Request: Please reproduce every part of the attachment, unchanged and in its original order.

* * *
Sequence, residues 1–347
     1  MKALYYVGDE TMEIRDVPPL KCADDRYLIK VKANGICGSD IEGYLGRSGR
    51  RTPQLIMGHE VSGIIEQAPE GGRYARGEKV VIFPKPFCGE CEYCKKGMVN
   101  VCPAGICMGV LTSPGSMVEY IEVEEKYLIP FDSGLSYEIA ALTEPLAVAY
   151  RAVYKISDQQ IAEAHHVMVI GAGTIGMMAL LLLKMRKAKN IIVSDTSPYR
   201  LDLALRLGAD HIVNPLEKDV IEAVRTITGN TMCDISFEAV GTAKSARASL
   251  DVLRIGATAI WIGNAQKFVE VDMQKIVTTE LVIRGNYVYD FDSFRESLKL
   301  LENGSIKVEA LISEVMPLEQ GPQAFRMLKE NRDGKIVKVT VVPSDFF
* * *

Sequence, residues 1–347
     1  MKALYYVGDE TMEIRDVPPL KCADDRYLIK VKANGICGSD IEGYLGRSGR
    51  RTPQLIMGHE VSGIIEQAPE GGRYARGEKV VIFPKPFCGE CEYCKKGMVN
   101  VCPAGICMGV LTSPGSMVEY IEVEEKYLIP FDSGLSYEIA ALTEPLAVAY
   151  RAVYKISDQQ IAEAHHVMVI GAGTIGMMAL LLLKMRKAKN IIVSDTSPYR
   201  LDLALRLGAD HIVNPLEKDV IEAVRTITGN TMCDISFEAV GTAKSARASL
   251  DVLRIGATAI WIGNAQKFVE VDMQKIVTTE LVIRGNYVYD FDSFRESLKL
   301  LENGSIKVEA LISEVMPLEQ GPQAFRMLKE NRDGKIVKVT VVPSDFF